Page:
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#21 OlympianHiawatha

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Posted 16 April 2017 - 09:39 PM

I am amazed by the coverage in this forum how many folks get so bent out of shape over ice.  When I'm on the train, that is one of the least of my worries, but then again I am one who rarely uses it.



#22 Devil's Advocate

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Posted 16 April 2017 - 09:57 PM

Found a picture, not pods, but pushbutton dispensing.  K cups and other pods are generally pretty good, but pricey.

 
I've only found those Douwe Egberts coffee syrup machines in exactly two locations. On Amtrak and in retirement home cafeterias. In my experience they're similar in flavor and freshness to freeze dried Nescafe.

 

I am amazed by the coverage in this forum how many folks get so bent out of shape over ice.  When I'm on the train, that is one of the least of my worries, but then again I am one who rarely uses it.


Here in the US access to ice is both easy and nearly unlimited almost anywhere. At home, work, restaurants, theaters, hotels, etc. Including low end examples. I've never once been denied or charged for ice on an airplane so when I have to make multiple requests pay money or go hours without access on Amtrak I find it rather annoying by comparison.

Carlos Mencia does a better job explaining our relationship with ice than I can.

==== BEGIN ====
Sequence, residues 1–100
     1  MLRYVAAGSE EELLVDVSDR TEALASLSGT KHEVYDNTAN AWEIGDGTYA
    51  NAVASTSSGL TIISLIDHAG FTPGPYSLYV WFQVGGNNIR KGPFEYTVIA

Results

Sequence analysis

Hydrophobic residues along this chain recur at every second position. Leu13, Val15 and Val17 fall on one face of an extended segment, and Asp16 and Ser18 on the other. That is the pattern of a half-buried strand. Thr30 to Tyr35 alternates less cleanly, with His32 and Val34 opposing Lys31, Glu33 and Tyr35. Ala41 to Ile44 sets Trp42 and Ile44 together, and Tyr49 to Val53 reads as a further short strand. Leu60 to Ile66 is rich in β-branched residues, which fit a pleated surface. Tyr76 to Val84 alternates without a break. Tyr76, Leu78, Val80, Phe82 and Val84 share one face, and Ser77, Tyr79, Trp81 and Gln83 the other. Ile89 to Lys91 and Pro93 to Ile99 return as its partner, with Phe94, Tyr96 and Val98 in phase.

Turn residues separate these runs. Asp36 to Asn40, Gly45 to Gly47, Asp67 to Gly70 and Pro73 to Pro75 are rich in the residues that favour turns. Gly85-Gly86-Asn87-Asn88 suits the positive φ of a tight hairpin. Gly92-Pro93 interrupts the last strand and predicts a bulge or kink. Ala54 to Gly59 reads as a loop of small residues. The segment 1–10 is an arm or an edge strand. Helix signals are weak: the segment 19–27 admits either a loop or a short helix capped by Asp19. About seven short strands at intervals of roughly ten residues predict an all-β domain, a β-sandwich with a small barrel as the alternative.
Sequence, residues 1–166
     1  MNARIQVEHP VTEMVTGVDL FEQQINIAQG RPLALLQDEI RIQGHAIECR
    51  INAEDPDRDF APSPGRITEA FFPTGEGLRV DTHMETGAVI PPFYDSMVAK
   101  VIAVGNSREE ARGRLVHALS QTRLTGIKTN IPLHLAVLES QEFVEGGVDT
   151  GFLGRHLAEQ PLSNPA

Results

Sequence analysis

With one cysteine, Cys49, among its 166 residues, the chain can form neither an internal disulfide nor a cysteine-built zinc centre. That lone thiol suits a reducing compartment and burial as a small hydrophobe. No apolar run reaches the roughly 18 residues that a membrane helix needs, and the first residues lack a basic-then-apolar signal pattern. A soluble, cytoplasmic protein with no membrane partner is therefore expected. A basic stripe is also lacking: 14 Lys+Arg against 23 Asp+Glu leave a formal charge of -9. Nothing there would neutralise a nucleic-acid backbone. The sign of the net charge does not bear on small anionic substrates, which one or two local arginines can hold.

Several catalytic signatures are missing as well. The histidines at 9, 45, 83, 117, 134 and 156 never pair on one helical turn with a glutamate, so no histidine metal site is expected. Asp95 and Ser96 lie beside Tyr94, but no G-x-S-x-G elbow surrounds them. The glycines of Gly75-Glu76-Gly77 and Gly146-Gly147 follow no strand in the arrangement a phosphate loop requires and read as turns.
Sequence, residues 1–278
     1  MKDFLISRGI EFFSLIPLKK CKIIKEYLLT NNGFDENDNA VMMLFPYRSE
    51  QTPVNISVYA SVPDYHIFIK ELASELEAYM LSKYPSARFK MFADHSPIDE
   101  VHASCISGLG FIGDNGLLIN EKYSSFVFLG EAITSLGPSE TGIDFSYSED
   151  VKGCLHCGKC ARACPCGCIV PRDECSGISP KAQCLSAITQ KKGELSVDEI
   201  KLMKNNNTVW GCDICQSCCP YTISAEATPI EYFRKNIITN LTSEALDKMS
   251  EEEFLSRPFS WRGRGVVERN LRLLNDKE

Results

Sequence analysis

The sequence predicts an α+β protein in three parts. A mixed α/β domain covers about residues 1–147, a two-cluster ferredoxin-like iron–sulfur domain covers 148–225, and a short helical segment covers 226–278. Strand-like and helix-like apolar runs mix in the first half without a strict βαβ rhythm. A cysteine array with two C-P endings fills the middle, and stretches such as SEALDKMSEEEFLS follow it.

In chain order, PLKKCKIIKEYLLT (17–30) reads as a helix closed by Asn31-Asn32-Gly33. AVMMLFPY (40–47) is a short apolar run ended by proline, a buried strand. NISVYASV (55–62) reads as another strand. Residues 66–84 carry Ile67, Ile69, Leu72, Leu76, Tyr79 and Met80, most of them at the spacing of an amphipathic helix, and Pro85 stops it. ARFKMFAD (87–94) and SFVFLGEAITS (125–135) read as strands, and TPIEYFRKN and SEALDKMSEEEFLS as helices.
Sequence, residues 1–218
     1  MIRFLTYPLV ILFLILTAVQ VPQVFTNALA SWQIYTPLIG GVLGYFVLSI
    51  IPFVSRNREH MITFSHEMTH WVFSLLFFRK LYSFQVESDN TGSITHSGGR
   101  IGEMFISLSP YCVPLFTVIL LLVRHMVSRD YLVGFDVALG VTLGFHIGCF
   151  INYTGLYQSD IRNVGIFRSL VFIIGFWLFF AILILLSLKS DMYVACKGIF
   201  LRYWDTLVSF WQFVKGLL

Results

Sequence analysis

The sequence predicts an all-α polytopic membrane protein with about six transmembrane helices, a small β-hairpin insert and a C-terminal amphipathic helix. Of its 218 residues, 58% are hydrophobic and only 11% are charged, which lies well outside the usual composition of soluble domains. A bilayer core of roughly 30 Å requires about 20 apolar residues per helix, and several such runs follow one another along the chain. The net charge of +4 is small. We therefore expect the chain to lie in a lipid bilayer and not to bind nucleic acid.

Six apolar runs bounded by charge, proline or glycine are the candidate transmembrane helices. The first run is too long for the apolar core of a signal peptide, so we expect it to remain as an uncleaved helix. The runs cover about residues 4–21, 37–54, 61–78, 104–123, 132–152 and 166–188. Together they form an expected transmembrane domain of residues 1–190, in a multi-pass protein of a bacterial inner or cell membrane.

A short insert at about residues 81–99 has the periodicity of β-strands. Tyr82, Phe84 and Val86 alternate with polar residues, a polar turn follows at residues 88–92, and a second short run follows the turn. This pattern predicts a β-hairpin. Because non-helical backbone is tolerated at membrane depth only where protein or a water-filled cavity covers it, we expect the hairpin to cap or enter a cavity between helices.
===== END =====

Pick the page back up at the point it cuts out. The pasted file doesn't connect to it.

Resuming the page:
Link: http://www.cc.com/vi...three-ice-cubes


Edited by Devil's Advocate, 16 April 2017 - 10:49 PM.

What is the purpose of a rhetorical question?


#23 PVD

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Posted 16 April 2017 - 10:26 PM

The yield ratio is variable, and multiple varieties of coffee are available. Set it weak or buy the cheaper coffee, get a bad product. Set at 32:1 or a touch stronger and buy one of the good blends and they work very well. It is a simple way to provide 24hr coffee service.



#24 RSG

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Posted 16 April 2017 - 10:31 PM

I am amazed by the coverage in this forum how many folks get so bent out of shape over ice.  When I'm on the train, that is one of the least of my worries, but then again I am one who rarely uses it.

There are several factors that make it a bone of contention, IMHO. One is the fact that it is an item not easily provided by passengers on an ordinary basis. If there isn’t any shampoo in the showers, oh well, not a big deal; just pull some out of your luggage. But that’s not possible with ice (without careful planning, anyway).

The other factor is that it is simply another one of those amenities which used to be cheerfully provided, free-for-the-taking, which now is often not. Like the Corelle® dinnerware and table decor (ie, flower-in-vase) in the diners and a morning newspaper in the sleepers, it’s another reminder of an often better time gone by. There may be valid reasons for no self-serve ice in the Superliners, but it’s less of the fact that it’s not freely available than the fact that requesting it, as is required, results in a consistent inconsistency in outcome. And that is yet another reminder of service on Amtrak.

#25 RSG

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Posted 16 April 2017 - 10:39 PM

Found a picture, not pods, but pushbutton dispensing.  K cups and other pods are generally pretty good, but pricey.

That is actually a pretty good solution (and obviously different from the setup inside the Club Acela). At least hot water is available (which, like ice, is another item not easily supplied by passengers); I default to tea when foodservice coffee isn’t to my liking.



#26 tricia

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Posted 17 April 2017 - 07:40 AM

 

Found a picture, not pods, but pushbutton dispensing.  K cups and other pods are generally pretty good, but pricey.